This classic prime rib roast recipe uses the reverse-sear method to create mouth watering, medium-rare meat throughout the entire roast. It doesn’t get better than that.
Prime rib is one of my top 3 favourite meals on the planet. I’ve been making it my entire adult life using the more typical method of high heat for the first 15 minutes then lower heat (325F) for the remaining time. Then I discovered the reverse sear method when I read author and chef J. Kenji Lopez-Alt’s Serious Eats blog.
I’ve tried this method many times now and I have to say I’m impressed. Here’s why:
- the meat is cooked evenly throughout the roast instead of pink/red in the middle and medium to well done on the two inches toward the outside; and
- you can make the roast more than an hour ahead and do the last step of high heat roasting right before serving, thereby increasing your chance of getting warm meat to your guests. This is a huge plus for anyone who agonizes about keep a prime rib warm without overcooking it (like me).
Essentially this cooking method reverses the more typical high-low heat method by:
- initially roasting the beef at a very low temperature of 250F (or even 200F),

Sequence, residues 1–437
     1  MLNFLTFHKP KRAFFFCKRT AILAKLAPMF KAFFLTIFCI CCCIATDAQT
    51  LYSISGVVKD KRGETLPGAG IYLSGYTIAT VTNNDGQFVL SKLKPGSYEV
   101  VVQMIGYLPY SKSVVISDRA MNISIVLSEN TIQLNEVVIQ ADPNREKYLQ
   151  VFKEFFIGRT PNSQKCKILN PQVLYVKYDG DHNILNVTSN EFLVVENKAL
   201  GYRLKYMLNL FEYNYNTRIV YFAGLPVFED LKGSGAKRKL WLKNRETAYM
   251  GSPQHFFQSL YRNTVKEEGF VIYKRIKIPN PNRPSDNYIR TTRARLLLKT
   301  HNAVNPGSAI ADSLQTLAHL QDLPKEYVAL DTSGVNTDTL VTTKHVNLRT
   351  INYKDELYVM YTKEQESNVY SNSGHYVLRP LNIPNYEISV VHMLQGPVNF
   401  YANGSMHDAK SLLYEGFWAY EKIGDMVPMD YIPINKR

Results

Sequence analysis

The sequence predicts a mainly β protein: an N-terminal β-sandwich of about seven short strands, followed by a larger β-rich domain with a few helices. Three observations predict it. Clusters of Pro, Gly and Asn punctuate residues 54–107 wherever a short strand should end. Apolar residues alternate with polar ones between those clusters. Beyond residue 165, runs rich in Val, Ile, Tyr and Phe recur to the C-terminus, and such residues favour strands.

- resting it for 30-90 minutes and
- then blasting it in a hot 500F oven for the final 6-15 minutes, depending on the size of the roast.
A 3 pound roast takes about 2 1/4 hours for the low heat part of the roasting. A much larger roast could take 3-4 hours. So the long roasting time can be seen as a downside, but if you’re having a dinner party and have lots of other things to do while the beef is roasting (who doesn’t), it makes a lot of sense.
To add even more flavour and a crustier darker exterior, there’s an optional step you can try. A day or two ahead, pat the roast dry with a paper towel, salt it, then place it in the fridge on a rack, uncovered, to dry out and allow the flavour the meat to develop. Bring the roast to room temperature (1-2 hours) before roasting. I often skip this extra step since I always serve my prime rib with gravy which also adds to the flavour. You can also dry the roast in the fridge without the salt. This won’t add flavour, but it will give you the crustier exterior.
Of course, the only way to get an outstanding end result is to begin with an outstanding piece of meat, meaning Prime rib and well marbled. More expensive, but worth it. The rest is technique. And it’s pretty simple. My favourite side dish with prime rib is our Perfect Basic Mashed Potatoes. Other great accompaniments are Yorkshire Pudding, Tomato Salad with Homemade Catalina Dressing and Roasted Honey-Thyme Carrots.
Tailor To Your Taste
- Many chefs like to let the flavour of prime rib shine through and only use salt and pepper as seasoning. I’ve always added the garlic slivers (which in my opinion add sensational flavour), a bit of mustard and sometimes a sprinkle of thyme – and I think the flavour of the meat is still the star, but it’s up to you.
Check out another method for making fantastic prime rib:
Sous Vide Prime Rib Roast get recipe here